Monday, August 14, 2006

Oil and gasoline futures fall.

Bloomberg reports that futures prices of crude oil and gasoline are falling today as an improved picture for crude oil production in Alaska and Nigeria has emerged, along with a cease fire in the Middle East.

From Bloomberg: Crude oil fell and gasoline dropped to a two-month low after BP Plc said it will keep half of the output flowing at the largest U.S. oil field, and a cease-fire began in Lebanon.

BP plans to pump about 200,000 barrels a day from Prudhoe Bay in Alaska while it replaces corroded pipelines, rather than shutting the entire field as initially intended. Middle East supply concern also eased as the cease-fire began early today. Royal Dutch Shell Plc's Nigeria venture last week began pumping oil through a pipeline that was damaged in July.

``The cessation of hostilities in Lebanon, the improved outlook for Prudhoe Bay and the return of the Shell output in Nigeria have combined to move us lower,'' said Michael Fitzpatrick, vice president of energy risk management at Fimat USA in New York. ``You are seeing some of the speculators leave the market but this move could be short lived.''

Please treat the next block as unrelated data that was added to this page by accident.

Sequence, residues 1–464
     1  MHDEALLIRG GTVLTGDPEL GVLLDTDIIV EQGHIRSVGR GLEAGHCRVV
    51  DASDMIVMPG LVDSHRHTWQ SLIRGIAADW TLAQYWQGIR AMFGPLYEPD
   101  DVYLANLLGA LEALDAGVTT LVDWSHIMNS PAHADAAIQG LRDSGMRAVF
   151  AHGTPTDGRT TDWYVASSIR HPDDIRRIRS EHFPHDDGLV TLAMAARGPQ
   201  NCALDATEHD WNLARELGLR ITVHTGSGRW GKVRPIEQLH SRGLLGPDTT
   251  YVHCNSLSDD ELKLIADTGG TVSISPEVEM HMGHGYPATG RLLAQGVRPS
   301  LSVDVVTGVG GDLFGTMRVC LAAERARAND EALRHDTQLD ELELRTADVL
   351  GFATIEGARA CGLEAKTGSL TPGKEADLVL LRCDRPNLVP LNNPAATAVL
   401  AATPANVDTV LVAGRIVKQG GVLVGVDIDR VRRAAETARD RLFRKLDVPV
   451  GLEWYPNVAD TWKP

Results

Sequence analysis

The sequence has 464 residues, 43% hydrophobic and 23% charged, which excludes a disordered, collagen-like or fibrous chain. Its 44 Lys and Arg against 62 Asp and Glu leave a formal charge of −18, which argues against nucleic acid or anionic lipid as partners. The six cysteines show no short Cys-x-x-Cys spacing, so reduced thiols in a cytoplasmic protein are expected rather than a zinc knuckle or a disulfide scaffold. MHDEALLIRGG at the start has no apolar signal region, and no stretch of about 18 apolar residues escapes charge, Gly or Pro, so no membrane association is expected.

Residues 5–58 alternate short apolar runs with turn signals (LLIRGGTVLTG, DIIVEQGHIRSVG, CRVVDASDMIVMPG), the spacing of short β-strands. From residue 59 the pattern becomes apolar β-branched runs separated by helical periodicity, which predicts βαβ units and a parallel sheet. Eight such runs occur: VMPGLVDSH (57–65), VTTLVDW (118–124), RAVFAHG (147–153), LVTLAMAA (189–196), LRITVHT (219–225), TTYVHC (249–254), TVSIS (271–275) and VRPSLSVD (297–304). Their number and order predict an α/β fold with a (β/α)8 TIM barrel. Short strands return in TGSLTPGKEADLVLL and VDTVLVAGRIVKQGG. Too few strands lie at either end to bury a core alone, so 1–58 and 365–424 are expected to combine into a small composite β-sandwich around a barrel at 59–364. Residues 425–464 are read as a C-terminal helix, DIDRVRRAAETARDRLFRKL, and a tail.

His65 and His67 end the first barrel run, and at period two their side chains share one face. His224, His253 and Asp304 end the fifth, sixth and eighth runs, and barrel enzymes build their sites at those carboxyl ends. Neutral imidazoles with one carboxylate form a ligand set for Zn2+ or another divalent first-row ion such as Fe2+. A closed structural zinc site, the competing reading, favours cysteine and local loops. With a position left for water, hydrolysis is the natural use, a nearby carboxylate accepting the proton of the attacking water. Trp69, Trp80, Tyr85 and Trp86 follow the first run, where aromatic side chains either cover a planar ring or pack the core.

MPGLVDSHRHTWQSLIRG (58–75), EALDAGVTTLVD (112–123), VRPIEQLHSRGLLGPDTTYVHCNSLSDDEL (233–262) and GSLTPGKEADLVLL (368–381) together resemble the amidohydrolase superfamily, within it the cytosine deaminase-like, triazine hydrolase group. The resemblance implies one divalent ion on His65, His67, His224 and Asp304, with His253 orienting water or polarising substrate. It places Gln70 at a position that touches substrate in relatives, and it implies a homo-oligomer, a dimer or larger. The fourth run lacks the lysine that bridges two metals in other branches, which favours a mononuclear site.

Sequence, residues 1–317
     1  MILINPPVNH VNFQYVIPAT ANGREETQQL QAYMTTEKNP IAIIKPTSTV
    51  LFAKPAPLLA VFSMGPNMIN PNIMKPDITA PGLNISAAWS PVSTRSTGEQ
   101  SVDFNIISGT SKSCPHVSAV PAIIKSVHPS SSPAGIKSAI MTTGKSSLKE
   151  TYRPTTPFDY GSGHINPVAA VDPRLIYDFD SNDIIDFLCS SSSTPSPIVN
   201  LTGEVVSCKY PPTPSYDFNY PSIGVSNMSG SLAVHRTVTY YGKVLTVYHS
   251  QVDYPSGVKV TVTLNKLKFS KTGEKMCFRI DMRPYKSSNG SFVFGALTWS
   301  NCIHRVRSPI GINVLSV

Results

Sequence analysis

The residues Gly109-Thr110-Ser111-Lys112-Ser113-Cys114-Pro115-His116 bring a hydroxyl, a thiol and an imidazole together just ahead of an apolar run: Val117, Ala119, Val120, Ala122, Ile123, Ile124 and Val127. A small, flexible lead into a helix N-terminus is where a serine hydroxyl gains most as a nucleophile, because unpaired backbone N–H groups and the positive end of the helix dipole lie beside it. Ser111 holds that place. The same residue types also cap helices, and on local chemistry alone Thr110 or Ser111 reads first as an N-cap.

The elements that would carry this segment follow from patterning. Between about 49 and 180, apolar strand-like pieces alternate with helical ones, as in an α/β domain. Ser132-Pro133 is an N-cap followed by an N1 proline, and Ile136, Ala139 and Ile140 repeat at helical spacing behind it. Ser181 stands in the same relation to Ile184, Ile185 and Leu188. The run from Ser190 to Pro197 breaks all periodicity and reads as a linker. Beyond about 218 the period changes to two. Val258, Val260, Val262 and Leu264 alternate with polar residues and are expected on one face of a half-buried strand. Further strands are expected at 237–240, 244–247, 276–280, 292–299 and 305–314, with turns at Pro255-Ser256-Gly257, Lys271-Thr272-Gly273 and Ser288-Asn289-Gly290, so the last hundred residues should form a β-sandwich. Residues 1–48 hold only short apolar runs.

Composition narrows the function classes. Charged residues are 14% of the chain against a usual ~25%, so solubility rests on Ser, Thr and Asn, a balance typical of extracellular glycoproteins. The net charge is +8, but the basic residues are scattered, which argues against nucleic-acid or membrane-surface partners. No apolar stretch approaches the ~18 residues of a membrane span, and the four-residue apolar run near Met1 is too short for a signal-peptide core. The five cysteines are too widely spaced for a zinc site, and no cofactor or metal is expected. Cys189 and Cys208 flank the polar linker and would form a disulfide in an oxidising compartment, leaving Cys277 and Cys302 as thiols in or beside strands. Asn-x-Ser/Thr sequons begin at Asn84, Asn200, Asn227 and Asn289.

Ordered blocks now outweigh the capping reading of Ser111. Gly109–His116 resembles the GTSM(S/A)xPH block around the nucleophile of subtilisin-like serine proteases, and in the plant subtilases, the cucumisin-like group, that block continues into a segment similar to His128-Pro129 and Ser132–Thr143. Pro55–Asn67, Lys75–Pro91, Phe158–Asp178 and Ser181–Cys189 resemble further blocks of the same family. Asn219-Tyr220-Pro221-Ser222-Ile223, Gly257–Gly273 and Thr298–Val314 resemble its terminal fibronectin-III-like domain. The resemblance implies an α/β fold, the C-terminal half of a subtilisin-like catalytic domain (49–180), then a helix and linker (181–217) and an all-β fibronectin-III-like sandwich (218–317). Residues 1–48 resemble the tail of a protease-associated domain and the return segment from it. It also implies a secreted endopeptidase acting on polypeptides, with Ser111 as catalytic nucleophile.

Crude oil for September delivery fell $1.35, or 1.8 percent, to $73 a barrel at 10:04 a.m. on the New York Mercantile Exchange. Futures touched $72.90, the lowest since July 31. Prices are up 9.4 percent from a year ago.

Gasoline for September delivery declined 7.13 cents, or 3.5 percent, to $1.993 a gallon in New York. Futures touched $1.9674 during the session, the lowest since June 19. Prices are little changed from a year ago.

The Bloomberg report is accompanied by video of analysts weighing in on oil prices, but I found the video slow to load.

I've copied a shortcut link to the Donald Coxe interview and pasted it in Window's Media Player to play. By pressing play and allowing it to buffer it's way through the interview, the entire clip will play back smoothly if played again.

Incidentally, all three video interviews seem to put forth the notion that oil prices should fall or at least "pause" in the near term. Watch out for the consensus!